Electronic Arts, publisher of popular game series such as Battlefield, Crysis, Mass Effect, and FIFA, is in hot water over issues that the company’s biggest studio, DICE, is having with the launch of Battlefield 4.
Launch issues with the game forced DICE to announce that they are planning to hold back on all DLC packs and map additions while they fix game-breaking bugs and issues with cheaters on the networks running rampant. The weeks following the launch saw EA’s stock value drop by 7.3%, due to the game’s issues and overall negative coverage in the press.
Now law firm Holzer, Holzer & Fistel is urging shareholders that may have lost money on their investment into the company because of the launch issues to contact them to join a class action lawsuit against Electronic Arts and its subsidiary studios.
“If you purchased EA common stock between July 24, 2013 and December 4, 2013 and suffered losses on that investment, you are encouraged to contact Holzer Holzer & Fistel, LLC,” the law office states. “Holzer Holzer & Fistel, LLC is an Atlanta, Georgia law firm that dedicates its practice to vigorous representation of shareholders and investors in litigation nationwide, including shareholder class action and derivative litigation.”
In a recent interview with The Guardian on the issues and with EA’s overall stance in the games industry, Executive vice president of EA Studios Patrick Söderlund admitted that the firm and its studios could do a lot better with many of its previous and current game launches.
“We have to do a better job of getting games into the market that are as bug-free as possible,” said Söderlund. “Games are becoming more and more complex – even though we’ll run a beta and we’ll do massive amounts of testing, there are certain things, especially in an online-focused environment, that you won’t catch. I wish I could say that we will, but I don’t think we’ll ever catch everything.”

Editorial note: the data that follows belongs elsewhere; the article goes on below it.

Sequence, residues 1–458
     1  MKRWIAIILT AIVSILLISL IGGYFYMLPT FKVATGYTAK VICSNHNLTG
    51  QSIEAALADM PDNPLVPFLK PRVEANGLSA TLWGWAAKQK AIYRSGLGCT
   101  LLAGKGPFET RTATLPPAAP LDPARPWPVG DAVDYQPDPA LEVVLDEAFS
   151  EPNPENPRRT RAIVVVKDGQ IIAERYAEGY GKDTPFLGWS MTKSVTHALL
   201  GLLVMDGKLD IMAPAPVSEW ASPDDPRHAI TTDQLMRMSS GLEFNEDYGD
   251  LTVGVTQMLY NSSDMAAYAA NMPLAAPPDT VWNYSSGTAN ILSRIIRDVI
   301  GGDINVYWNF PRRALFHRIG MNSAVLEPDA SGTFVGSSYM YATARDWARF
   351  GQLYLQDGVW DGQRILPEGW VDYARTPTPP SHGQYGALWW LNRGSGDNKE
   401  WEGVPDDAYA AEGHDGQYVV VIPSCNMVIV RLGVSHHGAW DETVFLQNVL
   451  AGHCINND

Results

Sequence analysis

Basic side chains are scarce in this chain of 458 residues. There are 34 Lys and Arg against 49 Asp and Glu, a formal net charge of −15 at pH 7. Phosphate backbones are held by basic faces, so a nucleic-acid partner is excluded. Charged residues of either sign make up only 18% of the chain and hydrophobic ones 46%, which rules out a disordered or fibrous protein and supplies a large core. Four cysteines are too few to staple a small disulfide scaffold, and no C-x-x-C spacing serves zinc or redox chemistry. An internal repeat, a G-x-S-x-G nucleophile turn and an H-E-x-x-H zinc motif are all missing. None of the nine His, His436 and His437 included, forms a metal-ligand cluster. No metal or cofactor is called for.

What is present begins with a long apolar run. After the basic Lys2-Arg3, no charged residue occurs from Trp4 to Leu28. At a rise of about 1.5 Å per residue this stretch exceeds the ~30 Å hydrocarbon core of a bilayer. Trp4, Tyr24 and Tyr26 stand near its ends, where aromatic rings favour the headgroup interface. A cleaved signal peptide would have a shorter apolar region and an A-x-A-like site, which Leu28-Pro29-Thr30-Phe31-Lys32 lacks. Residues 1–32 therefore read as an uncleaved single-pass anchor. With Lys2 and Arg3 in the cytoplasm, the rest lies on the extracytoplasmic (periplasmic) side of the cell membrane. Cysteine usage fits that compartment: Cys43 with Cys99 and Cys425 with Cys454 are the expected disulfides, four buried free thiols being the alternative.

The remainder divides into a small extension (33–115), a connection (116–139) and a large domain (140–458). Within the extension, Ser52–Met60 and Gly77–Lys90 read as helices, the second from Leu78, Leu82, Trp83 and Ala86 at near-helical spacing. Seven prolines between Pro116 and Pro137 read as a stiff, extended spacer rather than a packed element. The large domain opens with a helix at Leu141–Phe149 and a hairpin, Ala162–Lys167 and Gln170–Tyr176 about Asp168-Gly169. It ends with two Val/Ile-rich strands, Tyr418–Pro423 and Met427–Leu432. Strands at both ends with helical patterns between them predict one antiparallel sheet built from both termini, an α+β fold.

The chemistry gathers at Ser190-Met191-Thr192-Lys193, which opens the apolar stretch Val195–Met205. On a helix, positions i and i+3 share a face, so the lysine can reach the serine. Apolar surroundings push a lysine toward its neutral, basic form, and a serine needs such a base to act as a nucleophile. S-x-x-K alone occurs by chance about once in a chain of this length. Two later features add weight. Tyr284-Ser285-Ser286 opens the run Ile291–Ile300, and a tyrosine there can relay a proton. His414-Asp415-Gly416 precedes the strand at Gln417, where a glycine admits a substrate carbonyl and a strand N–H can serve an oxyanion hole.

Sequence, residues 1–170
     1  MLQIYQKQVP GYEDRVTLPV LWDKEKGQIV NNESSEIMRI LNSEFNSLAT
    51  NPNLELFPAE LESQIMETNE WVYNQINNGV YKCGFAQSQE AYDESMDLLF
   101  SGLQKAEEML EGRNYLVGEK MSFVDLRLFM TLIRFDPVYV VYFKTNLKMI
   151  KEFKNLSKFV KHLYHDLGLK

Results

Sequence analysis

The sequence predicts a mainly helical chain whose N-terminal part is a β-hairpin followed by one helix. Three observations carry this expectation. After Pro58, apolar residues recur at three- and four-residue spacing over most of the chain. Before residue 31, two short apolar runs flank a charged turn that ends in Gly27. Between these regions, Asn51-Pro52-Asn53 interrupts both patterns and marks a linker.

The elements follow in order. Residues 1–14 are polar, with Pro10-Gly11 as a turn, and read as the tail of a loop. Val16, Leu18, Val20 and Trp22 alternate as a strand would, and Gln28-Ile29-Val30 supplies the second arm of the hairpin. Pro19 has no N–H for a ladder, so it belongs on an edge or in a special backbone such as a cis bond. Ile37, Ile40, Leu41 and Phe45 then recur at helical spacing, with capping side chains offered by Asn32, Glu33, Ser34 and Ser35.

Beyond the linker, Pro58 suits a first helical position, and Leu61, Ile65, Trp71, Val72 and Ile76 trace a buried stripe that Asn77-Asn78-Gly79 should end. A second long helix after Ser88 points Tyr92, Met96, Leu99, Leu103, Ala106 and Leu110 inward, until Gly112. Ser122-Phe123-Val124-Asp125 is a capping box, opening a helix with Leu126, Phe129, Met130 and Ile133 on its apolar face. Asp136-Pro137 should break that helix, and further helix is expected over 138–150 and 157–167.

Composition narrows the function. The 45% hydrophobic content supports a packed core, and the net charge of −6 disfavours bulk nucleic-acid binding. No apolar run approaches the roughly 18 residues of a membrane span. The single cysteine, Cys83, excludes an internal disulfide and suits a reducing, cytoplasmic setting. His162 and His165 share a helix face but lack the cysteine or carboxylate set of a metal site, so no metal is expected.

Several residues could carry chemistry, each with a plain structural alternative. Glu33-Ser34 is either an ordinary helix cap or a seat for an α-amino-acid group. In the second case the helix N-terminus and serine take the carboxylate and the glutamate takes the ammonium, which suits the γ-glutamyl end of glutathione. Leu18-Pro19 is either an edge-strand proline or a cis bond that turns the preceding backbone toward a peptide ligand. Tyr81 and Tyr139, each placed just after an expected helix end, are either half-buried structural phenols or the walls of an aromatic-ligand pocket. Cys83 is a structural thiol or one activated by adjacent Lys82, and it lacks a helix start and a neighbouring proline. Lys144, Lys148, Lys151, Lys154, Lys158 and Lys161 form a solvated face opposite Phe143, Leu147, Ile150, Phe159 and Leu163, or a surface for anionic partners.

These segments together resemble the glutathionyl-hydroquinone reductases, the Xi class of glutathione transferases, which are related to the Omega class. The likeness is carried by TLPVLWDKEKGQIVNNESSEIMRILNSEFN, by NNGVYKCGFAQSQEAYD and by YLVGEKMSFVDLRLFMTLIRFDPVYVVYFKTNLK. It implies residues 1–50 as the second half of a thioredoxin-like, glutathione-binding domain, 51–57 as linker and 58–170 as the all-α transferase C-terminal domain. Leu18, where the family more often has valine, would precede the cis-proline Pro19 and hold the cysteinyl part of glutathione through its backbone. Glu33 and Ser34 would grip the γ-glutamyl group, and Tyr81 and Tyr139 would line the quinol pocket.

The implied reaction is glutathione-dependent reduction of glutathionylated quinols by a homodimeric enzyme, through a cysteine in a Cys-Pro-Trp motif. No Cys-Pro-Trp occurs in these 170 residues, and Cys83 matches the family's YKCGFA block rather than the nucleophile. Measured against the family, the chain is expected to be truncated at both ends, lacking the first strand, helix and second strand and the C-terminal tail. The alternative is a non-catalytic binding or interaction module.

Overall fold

“We try and do an update every second day to improve the game experience, and there are patches in the works for the PS3 and Xbox 360,” Söderlund adds. “I bet we’ll have to do the same thing on the next-gen machines. But our commitment to making the best gameplay experience on a continual basis is there.”
This isn’t the first Battlefield game that shipped out with a slightly broken multiplayer on day one. Battlefield 3’s launch issues continued for well over two months and gamers suffered from issues with their progress in matches being lost, lag due to unoptimised netcode and games being hacked by users who used cheats to get ahead in the rankings.
But it appears that DICE may simply have not done enough testing before the game went gold. The Battlefield 4 open multiplayer beta was launched on 4 October 2013 for players on PC, PS3 and Xbox 360 platforms. The open beta closed soon after, however, shutting down on 15 October in time for DICE to ready their servers for launch day, which was taking place nearly two weeks later.
Are you suffering gameplay issues with your copy of Battlefield 4? Do you feel wronged by DICE and EA? Let us know in the comments below and in our forums.